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Transparency Watch: How 'Public' is NCLB Waiver Judging?

Within the last couple of weeks, the U.S. Department of Education has issued significant feedback as part of the peer-review process to the 11 states seeking waivers from the core components of the No Child Left Behind Act.

This feedback, in the form of a formal letter plus notes from the outside judges to each state, could in many cases force significant alterations in states' waiver proposals and shape how states plan to hold their schools accountable in an era of greater flexibility. The letters give feedback on all areas of states' proposals, including how they will implement common core standards and teacher-evaluation systems based in part on student growth. (UPDATE 12:52 p.m.: It seems not all states may have gotten their official letters yet).

The Education Department is refusing to make details of the letters available, at least for now. Officials have indicated they will make the letters public once some sort of decision has been reached on the waivers.

Spokesman Justin Hamilton said: "We're still working with states as they finalize their applications and plan to make our feedback public after states have had time to process and consider it."

This comes after U.S. Secretary of Education Arne Duncan pledged from the get-go that the peer review process would be a "public" one with a "lots of give and take". These letters seem to be a key part of this give-and-take process, and yet they remain closed to the public despite promises of transparency.

Minnesota Public Radio got hold of its state's letter, and did a story seeking to illuminate what changes the state will have to make. For instance, the feds are concerned about Minnesota's reliance on "normative growth," rather than student growth needed to achieve proficiency; a possible lack of capacity to implement the sweeping plan; and a lack of incentives to improve achievement and narrow gaps among and between all groups of students.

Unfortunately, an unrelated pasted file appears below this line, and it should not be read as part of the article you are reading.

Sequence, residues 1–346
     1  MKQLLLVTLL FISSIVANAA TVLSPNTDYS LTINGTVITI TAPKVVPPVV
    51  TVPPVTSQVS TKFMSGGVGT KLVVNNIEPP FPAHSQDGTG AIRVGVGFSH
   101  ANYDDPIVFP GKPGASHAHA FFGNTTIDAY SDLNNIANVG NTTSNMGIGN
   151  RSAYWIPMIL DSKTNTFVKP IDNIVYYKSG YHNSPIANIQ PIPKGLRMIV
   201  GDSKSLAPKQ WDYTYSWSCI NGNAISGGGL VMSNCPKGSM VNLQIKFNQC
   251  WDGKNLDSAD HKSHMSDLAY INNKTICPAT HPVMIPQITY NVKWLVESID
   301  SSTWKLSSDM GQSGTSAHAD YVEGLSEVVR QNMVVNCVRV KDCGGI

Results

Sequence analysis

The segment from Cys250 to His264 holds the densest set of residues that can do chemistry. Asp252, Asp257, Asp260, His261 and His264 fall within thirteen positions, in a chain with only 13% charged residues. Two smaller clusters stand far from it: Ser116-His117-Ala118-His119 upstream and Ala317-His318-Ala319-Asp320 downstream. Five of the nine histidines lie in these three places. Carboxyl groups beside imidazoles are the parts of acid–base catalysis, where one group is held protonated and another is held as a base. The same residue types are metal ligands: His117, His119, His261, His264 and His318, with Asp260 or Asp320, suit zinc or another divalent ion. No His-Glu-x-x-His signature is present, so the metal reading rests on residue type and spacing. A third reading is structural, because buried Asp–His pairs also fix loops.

Pretty major stuff.

Politics K-12 can offer many good arguments for why the Education Department should make all of these letters public now. First and foremost, Duncan pledged this would be a "public" process. That says to me that while judging is ongoing, the department would make its best effort to keep the public in the loop. At issue here are not recordings of conversations among senior staff, or peer reviewers, or raw notes or emails, but official feedback letters to states that will shape their accountability plans.

Second, the Education Department has signaled that it values public input in the waiver process by requiring states to collaborate with stakeholders in drafting the plan. Why, then, would the department devalue public input at a critical stage of the process—when states are reshaping, tweaking, or overhauling parts of their proposals? Certainly, states should and could make their own letters public. Minnesota obviously did, and more states should follow—if they haven't already. However, that doesn't absolve the Education Department of its duty as well.

Third, unlike Race to the Top, this is not a competition. The Education Department has said it wants all states eventually to clear a high bar and win flexibility under NCLB. If the department is going to make the letters public eventually, why not now?

What do you think?

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